Subscribe Free

Join 2670+ others. No spamming.
I promise!

We are currently under high development. Follow us at github.

Looking for Python Tutorials?
Check these awesome tutorials



    by Dave Fayram        <dfayram at powerset dot com>,
       Tom Preston-Werner <tom at powerset dot com>,
       Abhay Kumar        <abhay at powerset dot com>
    Mailing List:

== Summary

Fuzed is an Erlang-based clustering system designed to let several
single-threaded processes (which may or may not be reliable) form 
into a pool which can serve requests to remote hosts. These resources
need not be homogeneous, Fuzed breaks them up into homogeneous pools
internally and serves out requests without "crossing the streams"
of different software/versions of software.

This is a release of Powerset's internal clustering software which
has been adapted for use with Rails, but see the generic_json_responder
to see exactly how it is used internally.

== Dependencies

* Erlang: (>= 5.6.1)
* Ruby: (>= 1.8.6)
* Ruby Gems: 
  * rake: (>= 0.8.1)
  * rack: (>= 0.3.0)
  * erlectricity: (>= 0.2.1)

== Installation

Fuzed is currently only available as a source distribution. A gem will be made
available shortly.

First, clone the source repo from GitHub. The following command will clone the
repo into a directory named 'fuzed' within your current working directory.

$ git clone git://

Move into the 'fuzed' directory and run the following commands to build fuzed:

$ cd fuzed
$ git submodule init
$ git submodule update
$ rake build_deps
$ rake

You should not see any error messages if the build was successful.

Whenever additional dependencies added, you'll need to run init and update again.

== Setting up a simple Rails cluster on a single machine

Every cluster starts with a 'master' node. From the fuzed root directory, run
the following to start a master. The command will drop you into interactive
mode for the Erlang runtime. It's best to work this way while you familiarize
yourself with the system as it will be easier to see any error messages that

$ bin/fuzed start -n master@volcano.local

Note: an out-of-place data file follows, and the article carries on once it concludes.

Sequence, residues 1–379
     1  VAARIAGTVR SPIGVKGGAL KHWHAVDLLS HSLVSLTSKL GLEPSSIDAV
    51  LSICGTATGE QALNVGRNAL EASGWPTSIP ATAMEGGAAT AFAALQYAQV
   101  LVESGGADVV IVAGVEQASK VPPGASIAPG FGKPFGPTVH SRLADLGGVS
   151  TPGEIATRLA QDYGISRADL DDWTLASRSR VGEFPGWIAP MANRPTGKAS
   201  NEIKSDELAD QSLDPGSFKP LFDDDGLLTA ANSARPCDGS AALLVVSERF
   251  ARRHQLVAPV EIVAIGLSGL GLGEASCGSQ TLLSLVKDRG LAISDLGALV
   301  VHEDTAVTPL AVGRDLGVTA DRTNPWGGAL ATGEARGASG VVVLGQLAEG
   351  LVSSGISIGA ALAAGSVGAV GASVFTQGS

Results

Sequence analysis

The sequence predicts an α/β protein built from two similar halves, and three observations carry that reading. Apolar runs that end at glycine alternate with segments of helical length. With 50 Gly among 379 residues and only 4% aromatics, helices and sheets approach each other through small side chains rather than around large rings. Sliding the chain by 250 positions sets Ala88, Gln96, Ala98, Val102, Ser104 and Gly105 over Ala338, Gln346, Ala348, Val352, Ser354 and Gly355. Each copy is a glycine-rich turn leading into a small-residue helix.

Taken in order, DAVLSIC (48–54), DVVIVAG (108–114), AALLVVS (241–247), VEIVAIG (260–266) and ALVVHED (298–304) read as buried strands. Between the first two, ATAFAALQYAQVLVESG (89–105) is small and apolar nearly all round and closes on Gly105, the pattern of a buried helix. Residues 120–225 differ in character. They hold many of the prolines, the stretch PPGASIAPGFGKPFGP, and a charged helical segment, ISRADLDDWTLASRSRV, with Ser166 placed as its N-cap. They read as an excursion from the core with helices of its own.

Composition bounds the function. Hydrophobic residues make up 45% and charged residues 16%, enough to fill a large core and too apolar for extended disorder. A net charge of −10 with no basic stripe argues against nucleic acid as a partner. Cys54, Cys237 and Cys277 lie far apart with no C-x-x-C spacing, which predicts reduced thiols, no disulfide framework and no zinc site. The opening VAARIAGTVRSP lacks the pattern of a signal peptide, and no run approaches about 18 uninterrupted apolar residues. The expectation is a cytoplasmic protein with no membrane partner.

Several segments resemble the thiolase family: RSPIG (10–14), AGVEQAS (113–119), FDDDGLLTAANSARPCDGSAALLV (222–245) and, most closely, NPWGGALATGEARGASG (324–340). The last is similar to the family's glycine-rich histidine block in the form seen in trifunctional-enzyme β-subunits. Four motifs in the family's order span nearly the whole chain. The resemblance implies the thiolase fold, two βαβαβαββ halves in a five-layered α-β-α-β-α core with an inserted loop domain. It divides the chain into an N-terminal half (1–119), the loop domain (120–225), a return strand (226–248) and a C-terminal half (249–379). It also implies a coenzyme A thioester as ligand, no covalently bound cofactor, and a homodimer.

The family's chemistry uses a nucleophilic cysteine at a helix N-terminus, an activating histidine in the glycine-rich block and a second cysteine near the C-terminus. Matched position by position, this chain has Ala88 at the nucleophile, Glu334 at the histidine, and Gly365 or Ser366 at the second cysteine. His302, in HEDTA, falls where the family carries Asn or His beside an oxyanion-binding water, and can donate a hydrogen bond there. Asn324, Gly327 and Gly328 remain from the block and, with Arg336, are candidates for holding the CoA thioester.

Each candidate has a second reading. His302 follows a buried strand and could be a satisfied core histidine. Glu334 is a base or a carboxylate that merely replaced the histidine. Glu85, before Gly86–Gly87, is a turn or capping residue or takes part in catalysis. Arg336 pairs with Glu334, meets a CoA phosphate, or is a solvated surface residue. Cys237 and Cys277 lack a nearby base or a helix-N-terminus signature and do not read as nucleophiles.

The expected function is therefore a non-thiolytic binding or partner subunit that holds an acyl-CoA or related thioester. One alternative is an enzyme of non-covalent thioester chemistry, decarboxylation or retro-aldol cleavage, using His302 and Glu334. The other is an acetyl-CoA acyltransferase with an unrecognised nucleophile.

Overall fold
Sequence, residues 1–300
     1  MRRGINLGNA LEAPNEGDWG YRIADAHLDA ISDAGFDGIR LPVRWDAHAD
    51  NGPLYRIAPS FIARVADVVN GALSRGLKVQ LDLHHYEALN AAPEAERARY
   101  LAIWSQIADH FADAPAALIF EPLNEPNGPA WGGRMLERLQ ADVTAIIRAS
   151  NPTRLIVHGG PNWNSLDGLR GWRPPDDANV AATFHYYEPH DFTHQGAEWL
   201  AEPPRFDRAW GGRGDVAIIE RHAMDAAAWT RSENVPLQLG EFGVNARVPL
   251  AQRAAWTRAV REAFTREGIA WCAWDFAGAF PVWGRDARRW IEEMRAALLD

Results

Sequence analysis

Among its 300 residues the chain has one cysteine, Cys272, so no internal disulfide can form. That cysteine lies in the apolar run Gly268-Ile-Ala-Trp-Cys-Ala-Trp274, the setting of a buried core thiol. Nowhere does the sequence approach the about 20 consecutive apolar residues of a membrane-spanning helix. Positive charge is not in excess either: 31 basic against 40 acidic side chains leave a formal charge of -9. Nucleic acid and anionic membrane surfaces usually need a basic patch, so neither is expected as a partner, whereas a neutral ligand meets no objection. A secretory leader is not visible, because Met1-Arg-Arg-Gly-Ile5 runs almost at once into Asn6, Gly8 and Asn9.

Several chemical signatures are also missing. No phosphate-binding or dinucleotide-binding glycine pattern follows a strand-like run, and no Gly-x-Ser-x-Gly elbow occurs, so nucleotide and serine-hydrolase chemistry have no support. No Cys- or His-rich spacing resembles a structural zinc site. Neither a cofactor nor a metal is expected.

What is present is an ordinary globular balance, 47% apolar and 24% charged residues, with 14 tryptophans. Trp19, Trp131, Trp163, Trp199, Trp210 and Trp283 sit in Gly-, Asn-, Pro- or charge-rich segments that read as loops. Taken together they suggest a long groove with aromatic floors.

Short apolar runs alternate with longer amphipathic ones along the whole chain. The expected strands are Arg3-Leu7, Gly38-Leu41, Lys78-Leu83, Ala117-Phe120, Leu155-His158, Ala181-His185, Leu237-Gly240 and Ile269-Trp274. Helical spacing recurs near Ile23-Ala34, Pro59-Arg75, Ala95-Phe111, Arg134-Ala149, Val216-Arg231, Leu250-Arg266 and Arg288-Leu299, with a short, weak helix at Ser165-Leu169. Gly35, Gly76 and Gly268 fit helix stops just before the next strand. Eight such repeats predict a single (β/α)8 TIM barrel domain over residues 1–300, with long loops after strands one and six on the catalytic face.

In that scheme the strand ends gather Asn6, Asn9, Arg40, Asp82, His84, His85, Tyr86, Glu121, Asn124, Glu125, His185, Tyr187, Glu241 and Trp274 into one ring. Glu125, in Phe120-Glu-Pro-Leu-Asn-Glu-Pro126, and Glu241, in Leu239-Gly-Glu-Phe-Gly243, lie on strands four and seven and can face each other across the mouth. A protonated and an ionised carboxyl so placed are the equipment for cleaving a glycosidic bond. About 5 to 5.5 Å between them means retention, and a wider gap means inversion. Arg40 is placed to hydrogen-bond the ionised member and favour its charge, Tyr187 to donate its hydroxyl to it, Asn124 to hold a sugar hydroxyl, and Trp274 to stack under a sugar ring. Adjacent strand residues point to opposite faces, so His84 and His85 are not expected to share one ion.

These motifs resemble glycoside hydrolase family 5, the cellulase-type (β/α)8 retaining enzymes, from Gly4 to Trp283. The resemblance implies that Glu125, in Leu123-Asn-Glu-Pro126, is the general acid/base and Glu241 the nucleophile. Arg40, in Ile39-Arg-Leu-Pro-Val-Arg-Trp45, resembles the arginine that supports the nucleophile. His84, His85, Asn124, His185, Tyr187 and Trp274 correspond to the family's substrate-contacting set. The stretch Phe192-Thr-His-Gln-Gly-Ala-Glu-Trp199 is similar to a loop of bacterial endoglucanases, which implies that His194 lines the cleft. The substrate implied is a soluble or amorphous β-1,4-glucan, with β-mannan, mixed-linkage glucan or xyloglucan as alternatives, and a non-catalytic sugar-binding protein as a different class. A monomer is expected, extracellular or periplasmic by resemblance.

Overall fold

Replace 'volcano.local' with your hostname. Note: 'localhost' will not work
here, it must be an externally addressable hostname. It's best to always name
your master node 'master'. It makes setting up frontend and backend nodes much

Next, start and attach a Rails 'frontend' node. This will bind to a TCP port
(default 8080) and serve static assets as well as direct dynamic requests to
your Rails node.

$ bin/fuzed frontend -z volcano.local -r test/app/public -s 'kind=rails' \
  -n f8080@volcano.local

Let's break this command down so you understand what each option specifies. -z
denotes the hostname of the master (must match what you used in your `fuzed
start` command. -r specifies the document root for static assets. -s specifies
a details list that will select the proper backend node. For a simple cluster,
leave this alone. -n names the node. Every node that joins a cluster must be
uniquely named. Here I've named it after the port that will be bound. Because
this is a single machine cluster, I use the same hostname as the master. In a
multi-machine setup, you will specify the hostname of the machine that is
running the node.

You should now be able to request a static asset from your cluster. Try


Now we'll need a 'rails' node to serve dynamic requests. The following command
will start a single Rails node.

$ bin/fuzed rails -z volcano.local --rails-root=test/app -n n1@volcano.local

Once again -z specifies the master hostname. --rails-root must point to the
Rails root of your app. -n names the node.

At this point, if all is well, you will have a fully assembled and operational
Rails cluster!